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Cat Ballou: Special Edition

Recently voted number 50 on the American Film Institute's list of the top 100 comedies of the last century, Elliot Silverstein's raucous 1965 Cat Ballou preceded films like Blazing Saddles into the "Western parody" genre — and did it with slightly more class (though fewer belly laughs). Instead of Saddles' bean-eating cowboys and horse-punching bad guys, in Cat Ballou we get a vengeance-driven schoolmarm-turned-outlaw; a washed-up, alcohol-saturated gunslinger; a pretty boy cattle-rustler on the lam; and a most unusual Greek chorus. Winning them over with her sunny smile and voluptuous curves, Cat (a Barbarella-era Jane Fonda) turns a ragtag band of followers into latter-day Merry Men. Cat happily stands in for Robin Hood as they steal from the rich, corrupting Sir Harry Percival (Reginald Denny) in an attempt to bring down the corporation that's responsible for her father's death. But it's not quite that cut-and-dried. For one thing, all of Cat's heroes — a gaggle of former train robbers and outlaws who are living out their golden years at the infamous Hole-in-the-Wall hideout — would rather make a deal with Sir Harry than fight with Cat. So it's up to her to take action; when she does, she ultimately winds up sentenced to hang (don't fret — it's a comedy). Accompanying the action and providing structure for Cat Ballou are Nat "King" Cole and Stubby Kaye, who sing the infectious "Ballad of Cat Ballou," and their presence is one of the best things about the film, which is certainly funny in spots (you can't help but laugh when you hear that bad guy Tim Strawn wears a silver nose because his old one got bitten off in a fight), but uneven overall. The only true stand-out performance comes from Lee Marvin, who does double-duty as both Strawn and Cat's perpetually soused gun-for-hire Kid Shelleen. Marvin, who shines in both roles, justifiably won an Oscar for his work. For this special edition DVD, Cat Ballou gets a nice package of extras from Columbia TriStar. Actors Michael Callan (loveable scoundrel Clay Boone) and Dwayne Hickman (Jed, the "drunk as a skunk" preacher-in-disguise) provide a commentary track, and a 12-minute featurette called "The Legend of Cat Ballou" intersperses scenes from the film with an interview with director Elliot Silverstein. Other special features include theatrical trailers, vintage advertising stills, bios/filmographies for Silverstein and the main cast, scene selections, a four-page collectible booklet inside the keep-case, and subtitles in English, Spanish, Portugese, Chinese, Korean, and Thai. The 1.85:1 anamorphic transfer is sharp and clear (pan-and-scan on the flip-side) — the colors shine in all their Technicolor glory, and almost every scene is crisp and looks great. The digitially re-mastered sound is fine as well, although only in the original mono. Keep-case.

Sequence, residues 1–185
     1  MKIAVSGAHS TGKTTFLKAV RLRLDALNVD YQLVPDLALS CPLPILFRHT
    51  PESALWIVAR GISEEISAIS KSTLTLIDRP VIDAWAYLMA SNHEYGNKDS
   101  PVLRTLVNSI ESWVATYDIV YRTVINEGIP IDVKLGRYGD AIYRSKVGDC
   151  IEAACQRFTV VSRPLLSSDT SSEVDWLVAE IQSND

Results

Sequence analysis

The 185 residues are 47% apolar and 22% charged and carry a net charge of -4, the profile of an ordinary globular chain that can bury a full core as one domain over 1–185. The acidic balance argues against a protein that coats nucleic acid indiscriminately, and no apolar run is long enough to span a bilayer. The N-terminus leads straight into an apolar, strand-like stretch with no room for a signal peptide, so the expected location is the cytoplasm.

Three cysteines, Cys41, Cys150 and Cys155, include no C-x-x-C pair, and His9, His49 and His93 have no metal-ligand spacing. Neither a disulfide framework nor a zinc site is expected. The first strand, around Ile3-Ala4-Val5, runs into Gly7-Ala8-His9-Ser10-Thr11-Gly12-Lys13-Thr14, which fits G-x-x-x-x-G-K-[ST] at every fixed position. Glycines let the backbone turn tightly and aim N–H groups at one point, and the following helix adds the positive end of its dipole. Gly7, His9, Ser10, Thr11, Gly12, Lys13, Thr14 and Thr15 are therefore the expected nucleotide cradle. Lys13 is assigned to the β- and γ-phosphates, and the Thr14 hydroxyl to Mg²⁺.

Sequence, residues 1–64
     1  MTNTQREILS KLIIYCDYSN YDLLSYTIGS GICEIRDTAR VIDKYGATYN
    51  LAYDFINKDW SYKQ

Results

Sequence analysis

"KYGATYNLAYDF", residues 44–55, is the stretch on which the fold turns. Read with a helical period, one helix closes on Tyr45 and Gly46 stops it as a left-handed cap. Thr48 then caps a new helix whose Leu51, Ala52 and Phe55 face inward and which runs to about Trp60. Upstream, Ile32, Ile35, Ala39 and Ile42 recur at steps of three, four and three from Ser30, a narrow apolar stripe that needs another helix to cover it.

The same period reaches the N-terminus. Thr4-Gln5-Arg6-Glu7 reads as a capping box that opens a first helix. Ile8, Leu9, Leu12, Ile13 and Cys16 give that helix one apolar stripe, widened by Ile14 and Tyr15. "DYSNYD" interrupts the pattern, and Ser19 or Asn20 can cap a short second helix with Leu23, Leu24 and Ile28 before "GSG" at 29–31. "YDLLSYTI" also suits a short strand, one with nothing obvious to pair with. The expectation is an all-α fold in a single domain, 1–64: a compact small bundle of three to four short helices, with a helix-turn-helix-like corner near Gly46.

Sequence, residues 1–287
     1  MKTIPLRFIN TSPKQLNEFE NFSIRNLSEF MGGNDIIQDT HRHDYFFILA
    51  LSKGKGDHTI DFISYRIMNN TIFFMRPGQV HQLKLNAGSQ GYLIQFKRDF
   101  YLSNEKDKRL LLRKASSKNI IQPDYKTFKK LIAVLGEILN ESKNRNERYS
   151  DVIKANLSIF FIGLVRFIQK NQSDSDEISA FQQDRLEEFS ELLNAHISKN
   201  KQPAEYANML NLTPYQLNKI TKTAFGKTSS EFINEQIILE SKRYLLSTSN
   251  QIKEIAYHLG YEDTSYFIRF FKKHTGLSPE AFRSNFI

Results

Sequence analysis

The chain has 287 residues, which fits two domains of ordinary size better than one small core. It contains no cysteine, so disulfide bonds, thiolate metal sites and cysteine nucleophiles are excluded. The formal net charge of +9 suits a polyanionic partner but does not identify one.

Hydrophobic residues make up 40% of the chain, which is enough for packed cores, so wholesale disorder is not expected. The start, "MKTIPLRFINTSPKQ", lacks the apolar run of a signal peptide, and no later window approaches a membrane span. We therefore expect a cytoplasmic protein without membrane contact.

—Betsy Bozdech



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